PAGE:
Recently, life changed dramatically for Raymond when he accidentally ingested a toxic substance. This led to acute hypoxemic respiratory failure and pneumonia. Unable to breathe on his own, Raymond had to be placed on a ventilator. The acute care hospital recommended a transfer to Northern Colorado Long Term Acute Hospital (NCLTAH).

Raymond and Laurel agreed and chose NCLTAH for the next stage of his recovery. NCLTAH is designated by The Joint Commission as a “Center of Excellence” for respiratory failure. The hospital’s respiratory failure specialty program proved to be exactly what Raymond needed.

“Both physicians were very caring,” Raymond said, reflecting on his experience at NCLTAH. “Paula, the physical therapist, was wonderful, and so encouraging for my recovery.”

Having made great progress, Raymond looks forward to getting back to his normal routine. He has one more stop on his journey, transferring to a rehabilitation facility to regain more of his strength before returning home.

While recovering from a ruptured abdominal aortic aneurysm, Edward Bach felt the impact of the staff at NCLTAH.

For fifty years, Edward Bach has worked as a licensed plumber in Windsor, CO. When not dealing with clogged drains and leaky pipes, Edward enjoyed camping, fishing, hunting, and spending time with his wife, kids, and six grandchildren.

One day at home, Edward, 67, began feeling nauseous and experiencing a backache. After admitting to the local acute care hospital, Edward was diagnosed with a ruptured abdominal aortic aneurysm.

After treatment at the short-term acute care hospital, Edward still required a high level of medical care. He chose to transfer to Northern Colorado Long Term Acute Hospital. The long-term acute care hospital was close to his home, and his wife could visit daily.

At NCLTAH, Edward made great progress, fueled by his desire to get back to his prior level of function. In addition, the hospital staff made a major impact on him. “I really have enjoyed the physicians,” Edward said. “They are very friendly, spend a lot of time with me, and really put a personal touch on my care! And the nursing staff is always friendly, happy, and eager to help!”

Edward looks forward to the next stage of his recovery: inpatient rehab at Northern Colorado Rehabilitation Hospital, then a return home. Edward is most excited about the prospect of going outside again and spending time with his grandkids.

To say no one anticipated what 2020 had in store would be an understatement. This is especially true of COVID-19 and its many repercussions.

Linda is no exception.

Linda was in need of a hip replacement that was delayed due to the concerns surrounding COVID-19. After a gradual decline in her mobility and cognition, her husband, Pat, took her to the hospital.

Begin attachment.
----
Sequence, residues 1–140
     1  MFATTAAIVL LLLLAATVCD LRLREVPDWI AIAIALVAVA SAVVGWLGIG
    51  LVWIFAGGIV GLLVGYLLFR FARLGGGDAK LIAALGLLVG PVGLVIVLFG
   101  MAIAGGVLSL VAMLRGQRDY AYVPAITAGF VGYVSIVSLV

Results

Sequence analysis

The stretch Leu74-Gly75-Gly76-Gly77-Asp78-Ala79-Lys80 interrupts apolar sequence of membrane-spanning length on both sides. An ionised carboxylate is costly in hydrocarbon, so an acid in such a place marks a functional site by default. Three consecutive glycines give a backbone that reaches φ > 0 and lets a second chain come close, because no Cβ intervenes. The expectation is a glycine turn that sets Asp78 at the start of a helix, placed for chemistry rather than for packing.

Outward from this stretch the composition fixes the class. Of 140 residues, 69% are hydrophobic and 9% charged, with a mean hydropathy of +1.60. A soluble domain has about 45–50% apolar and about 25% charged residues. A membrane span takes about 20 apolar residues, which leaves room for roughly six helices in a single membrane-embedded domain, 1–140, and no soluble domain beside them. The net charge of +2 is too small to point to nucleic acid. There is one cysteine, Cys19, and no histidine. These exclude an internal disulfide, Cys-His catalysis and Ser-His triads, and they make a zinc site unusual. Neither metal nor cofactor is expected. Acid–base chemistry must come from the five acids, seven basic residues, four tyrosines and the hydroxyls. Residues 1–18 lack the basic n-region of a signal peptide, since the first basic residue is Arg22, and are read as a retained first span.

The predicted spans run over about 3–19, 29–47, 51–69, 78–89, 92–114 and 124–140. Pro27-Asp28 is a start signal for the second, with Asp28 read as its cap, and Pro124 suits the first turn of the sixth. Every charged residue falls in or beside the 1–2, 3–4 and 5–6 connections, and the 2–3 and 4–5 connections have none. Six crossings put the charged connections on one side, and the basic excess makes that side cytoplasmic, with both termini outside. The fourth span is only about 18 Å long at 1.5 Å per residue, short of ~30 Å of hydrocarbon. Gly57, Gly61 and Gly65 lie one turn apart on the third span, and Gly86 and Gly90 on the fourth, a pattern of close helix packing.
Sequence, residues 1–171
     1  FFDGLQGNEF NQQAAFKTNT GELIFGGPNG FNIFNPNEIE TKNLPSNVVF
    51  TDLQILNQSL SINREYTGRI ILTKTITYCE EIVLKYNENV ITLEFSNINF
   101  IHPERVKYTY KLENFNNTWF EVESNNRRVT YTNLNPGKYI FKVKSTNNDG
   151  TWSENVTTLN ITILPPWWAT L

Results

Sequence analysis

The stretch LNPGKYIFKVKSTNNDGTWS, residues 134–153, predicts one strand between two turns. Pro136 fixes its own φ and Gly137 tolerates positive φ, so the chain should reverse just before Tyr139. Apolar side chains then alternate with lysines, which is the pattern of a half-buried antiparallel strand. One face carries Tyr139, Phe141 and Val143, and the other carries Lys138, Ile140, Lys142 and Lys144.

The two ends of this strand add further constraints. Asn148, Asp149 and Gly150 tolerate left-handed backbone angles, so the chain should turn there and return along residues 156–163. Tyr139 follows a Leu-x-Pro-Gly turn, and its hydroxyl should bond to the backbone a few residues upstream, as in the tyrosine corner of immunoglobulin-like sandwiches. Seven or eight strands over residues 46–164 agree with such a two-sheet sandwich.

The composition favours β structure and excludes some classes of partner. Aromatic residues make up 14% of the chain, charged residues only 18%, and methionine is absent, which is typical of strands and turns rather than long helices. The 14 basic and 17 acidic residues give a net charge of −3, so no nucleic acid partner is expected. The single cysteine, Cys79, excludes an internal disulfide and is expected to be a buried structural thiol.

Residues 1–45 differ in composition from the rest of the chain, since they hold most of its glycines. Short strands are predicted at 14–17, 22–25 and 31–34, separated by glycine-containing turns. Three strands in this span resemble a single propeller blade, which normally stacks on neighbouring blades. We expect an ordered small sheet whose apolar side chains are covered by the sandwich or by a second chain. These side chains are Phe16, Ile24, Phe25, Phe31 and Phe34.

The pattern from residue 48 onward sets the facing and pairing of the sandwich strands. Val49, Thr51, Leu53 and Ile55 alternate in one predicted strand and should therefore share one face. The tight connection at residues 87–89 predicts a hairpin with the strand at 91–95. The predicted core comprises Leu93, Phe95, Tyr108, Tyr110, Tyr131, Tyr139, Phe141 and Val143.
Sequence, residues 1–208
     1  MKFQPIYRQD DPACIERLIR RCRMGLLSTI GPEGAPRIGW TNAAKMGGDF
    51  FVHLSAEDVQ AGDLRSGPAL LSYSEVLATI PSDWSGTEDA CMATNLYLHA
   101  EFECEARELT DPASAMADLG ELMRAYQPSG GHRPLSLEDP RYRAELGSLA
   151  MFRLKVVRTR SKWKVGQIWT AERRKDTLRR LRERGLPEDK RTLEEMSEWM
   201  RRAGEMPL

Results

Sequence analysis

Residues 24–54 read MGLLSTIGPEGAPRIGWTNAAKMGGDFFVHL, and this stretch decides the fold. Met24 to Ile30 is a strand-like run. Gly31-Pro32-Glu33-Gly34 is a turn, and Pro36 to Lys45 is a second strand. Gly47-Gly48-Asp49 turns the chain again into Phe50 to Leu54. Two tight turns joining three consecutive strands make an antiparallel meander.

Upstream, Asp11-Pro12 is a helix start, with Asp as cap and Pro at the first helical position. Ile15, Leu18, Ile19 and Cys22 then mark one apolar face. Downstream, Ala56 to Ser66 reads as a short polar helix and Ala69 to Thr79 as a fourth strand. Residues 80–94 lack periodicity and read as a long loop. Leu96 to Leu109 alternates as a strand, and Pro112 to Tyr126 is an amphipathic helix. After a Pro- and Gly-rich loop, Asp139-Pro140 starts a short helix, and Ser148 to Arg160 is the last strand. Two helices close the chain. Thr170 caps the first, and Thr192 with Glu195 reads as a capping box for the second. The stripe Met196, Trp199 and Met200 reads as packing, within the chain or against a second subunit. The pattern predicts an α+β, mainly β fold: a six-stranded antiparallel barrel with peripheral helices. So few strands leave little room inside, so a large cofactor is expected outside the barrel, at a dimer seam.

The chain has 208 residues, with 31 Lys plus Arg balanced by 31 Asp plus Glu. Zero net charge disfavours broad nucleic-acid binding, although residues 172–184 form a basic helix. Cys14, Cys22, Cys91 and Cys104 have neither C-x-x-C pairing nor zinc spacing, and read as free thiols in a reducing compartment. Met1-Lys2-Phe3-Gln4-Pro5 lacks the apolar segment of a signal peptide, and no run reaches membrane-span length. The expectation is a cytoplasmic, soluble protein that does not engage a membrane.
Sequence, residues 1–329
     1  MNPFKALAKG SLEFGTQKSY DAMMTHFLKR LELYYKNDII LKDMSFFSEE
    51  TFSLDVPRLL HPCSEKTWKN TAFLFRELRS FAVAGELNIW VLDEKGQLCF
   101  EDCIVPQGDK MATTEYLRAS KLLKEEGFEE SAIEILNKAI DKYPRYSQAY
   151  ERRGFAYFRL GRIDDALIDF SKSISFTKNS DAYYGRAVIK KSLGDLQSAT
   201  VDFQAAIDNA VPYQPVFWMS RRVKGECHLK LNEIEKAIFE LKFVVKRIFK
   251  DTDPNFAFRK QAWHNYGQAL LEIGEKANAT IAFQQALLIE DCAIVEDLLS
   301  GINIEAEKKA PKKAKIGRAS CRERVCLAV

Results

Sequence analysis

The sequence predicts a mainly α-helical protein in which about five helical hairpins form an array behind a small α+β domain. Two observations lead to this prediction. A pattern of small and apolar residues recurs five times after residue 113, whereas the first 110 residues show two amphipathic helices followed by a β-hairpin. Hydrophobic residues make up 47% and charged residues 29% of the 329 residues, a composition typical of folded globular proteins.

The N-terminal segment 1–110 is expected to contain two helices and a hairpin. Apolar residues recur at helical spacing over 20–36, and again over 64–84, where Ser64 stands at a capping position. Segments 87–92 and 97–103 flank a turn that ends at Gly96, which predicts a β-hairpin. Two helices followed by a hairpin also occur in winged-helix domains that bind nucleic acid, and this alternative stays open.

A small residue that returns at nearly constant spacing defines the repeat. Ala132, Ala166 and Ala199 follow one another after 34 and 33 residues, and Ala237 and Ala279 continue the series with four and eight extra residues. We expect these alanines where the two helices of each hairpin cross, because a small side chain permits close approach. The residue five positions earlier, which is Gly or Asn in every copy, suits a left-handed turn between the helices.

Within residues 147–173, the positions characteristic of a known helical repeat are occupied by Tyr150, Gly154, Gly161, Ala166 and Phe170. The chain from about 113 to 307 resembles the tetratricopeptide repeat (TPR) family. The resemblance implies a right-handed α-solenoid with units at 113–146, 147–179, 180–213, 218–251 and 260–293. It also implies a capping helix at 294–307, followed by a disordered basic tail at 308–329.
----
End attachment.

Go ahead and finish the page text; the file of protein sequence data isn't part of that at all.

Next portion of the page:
Doctors diagnosed Linda with a severe infection that started in her hip and spread to most of her spine. This started a long and lengthy recovery before Linda could have her hip replacement. After more than nine surgeries, several weeks of IV antibiotics, and over five weeks on life support, she finally began to improve. Linda finally got her hip replacement.

After the procedure, Linda knew therapy would be a challenge. Not only had she been bedridden for weeks, but the surgeons needed to remove a great deal of muscle and bone tissue due to the infection. When Linda arrived at Northern Colorado Long Term Acute Hospital she began to eat, breathe, and start the process of walking again.

Pat advises from their experience that patients and their families should “listen to their gut”. He also believes that it is incredibly important to surround yourself with a support system and share your story with them. When going through challenging times, it is so important to rely on those around you for support.

Pat’s “take away” was that the medical staff are amazing. He credits their attitude and care as what helped them find the root of the problem.

Though he still has a long recovery ahead, Samuel is thrilled with the progress he’s made at NCLTAH.

Samuel Wier, 54, is a family man. For the last twelve years, he’s worked full-time at Vestas Blades Americas as a maintenance technician. His free time is spent with his wife and three daughters, going to movies and garden centers.

In the fall, Samuel began feeling ill with flu-like symptoms. Since then, he has been hospitalized, either at a short-term acute care hospital or at Northern Colorado Long Term Acute Hospital. Samuel was diagnosed with MSSA pneumonia, osteomyelitis, and acute hypoxemic respiratory failure. During this time, he underwent multiple surgeries to treat his complex diagnoses.